Friday, August 27, 2010

How Did I Learn Grant Writing? - Derek Link

Non-Profit Consultant and Expert Grant Writer, Derek Link, provides the first contribution to our How Did I Learn Grant Writing?" series:

Often people ask, "How on earth did you learn grant writing?"  Obviously it isn’t one of the careers that a high school counselor suggested and I’d wager it’s not one of the careers indicated by any career assessments.

My entry into the world of grant writing started when I took a job in which I was expected to write “Continuation Applications” for federal grants the agency secured before my tenure in the position. Fortunately, the consultant who wrote the grants originally was under contract to assist with evaluation and I was soon under his grant-writing tutelage.

My new mentor liked my writing style which tends to be direct and to the point.  After his contracts with our agency ended, he asked me if I was available to moonlight with his company as a freelance grant writer, so I asked my boss if he’d object to me doing that.  My boss gave me the green light and before long my nights and weekends were spent at the computer pecking away at grant narratives.

Now I don’t want to give you the impression that I was some grant-writing prodigy, some technical-writing-Mozart sitting blindfolded at the computer whipping out successful narratives: I most certainly wasn’t!  My mentor was a brutal and brilliant grant editor and he wielded a micro-cassette recorder as he read my narratives providing biting, insightful commentary which I often swore at (I’m not proud of it but it’s true) as I listened to the comments revising my writing again and again.

Another key thing I did to learn grant writing was take a grant writing class.  The class I took was rather basic, especially after my recent experience in writing grants but it did reinforce some important concepts and practices vital to becoming successful.  The grant writing course taught things like organization, writing style, voice, use of data, integration of the RFP outline, etc.

So in summary, my process to learn grant writing involved a number of things including:

  1. I had a job that required me to write grants.
  2. I had a great mentor.
  3. I had the motivation to persevere in the learning process.
  4. I took a grant writing course.

The intellectual exercise of writing a grant is still a great challenge.  Being able to hold the whole program in your mind as you write ensures continuity and clarity and requires you to be fully mentally present throughout the process.  I find grant writing to be a strenuous mental exercise. Learning to write grants will kind of make your brain sweat.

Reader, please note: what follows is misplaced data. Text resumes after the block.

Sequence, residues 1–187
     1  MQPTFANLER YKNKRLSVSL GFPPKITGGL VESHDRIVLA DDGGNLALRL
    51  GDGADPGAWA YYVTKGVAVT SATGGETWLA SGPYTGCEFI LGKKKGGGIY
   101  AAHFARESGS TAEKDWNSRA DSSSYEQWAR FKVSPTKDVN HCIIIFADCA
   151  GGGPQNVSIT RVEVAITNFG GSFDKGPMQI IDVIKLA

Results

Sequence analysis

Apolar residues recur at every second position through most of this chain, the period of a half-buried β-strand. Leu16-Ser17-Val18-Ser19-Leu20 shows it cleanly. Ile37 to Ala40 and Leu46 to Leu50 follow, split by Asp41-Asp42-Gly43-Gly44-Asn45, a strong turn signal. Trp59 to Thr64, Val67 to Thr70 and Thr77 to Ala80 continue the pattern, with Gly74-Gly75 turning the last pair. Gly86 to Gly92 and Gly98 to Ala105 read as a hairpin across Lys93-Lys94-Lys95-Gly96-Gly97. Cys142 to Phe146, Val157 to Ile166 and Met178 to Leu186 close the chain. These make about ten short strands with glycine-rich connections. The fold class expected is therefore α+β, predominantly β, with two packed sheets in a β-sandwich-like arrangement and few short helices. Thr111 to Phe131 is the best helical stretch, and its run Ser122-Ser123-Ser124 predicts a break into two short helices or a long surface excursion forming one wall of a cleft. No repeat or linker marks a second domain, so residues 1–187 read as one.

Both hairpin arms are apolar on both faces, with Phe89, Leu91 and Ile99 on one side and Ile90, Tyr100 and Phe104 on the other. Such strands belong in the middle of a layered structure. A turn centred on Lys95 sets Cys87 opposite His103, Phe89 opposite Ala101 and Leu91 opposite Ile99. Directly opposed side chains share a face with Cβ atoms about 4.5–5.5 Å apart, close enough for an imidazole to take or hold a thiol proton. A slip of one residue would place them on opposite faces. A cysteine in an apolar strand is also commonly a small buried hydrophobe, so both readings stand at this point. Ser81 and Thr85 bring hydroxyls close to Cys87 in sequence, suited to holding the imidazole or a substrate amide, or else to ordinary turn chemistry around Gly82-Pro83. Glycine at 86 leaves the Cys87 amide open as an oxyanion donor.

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2 comments:

Jacob said...

As an aspiring (freelance) grant writer, I do hope not all four of those are absolutely imperative. It seems like grant writing is not the most simple field to break into.

sandra charles said...

Grant writing is an excellent fundraising method, once a program is put into place at any nonprofit who has invested in its grant writing program Grant letter of Inquiry

About Creative Resources & Research

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Woodland, CA, United States
Creative Resources and Research is a consulting firm specializing in grant writing, grant seeking, program evaluation and professional development training. We have worked with hundreds of clients including public and private schools, school districts, universities, non-profit organizations, and social service agencies throughout California, securing over $155 million from federal, state and private foundation funding sources over the past decade. Our primary grant writers and program evaluators have over 50 years of combined experience in the education and social services fields. At CRR we prefer a personal approach to the clients we work with; by developing long term relationships, we are better suited to match client’s needs with available funding sources. We provide a variety of services to help assist you, including grant writing, evaluation consulting, professional development opportunities, and workshops.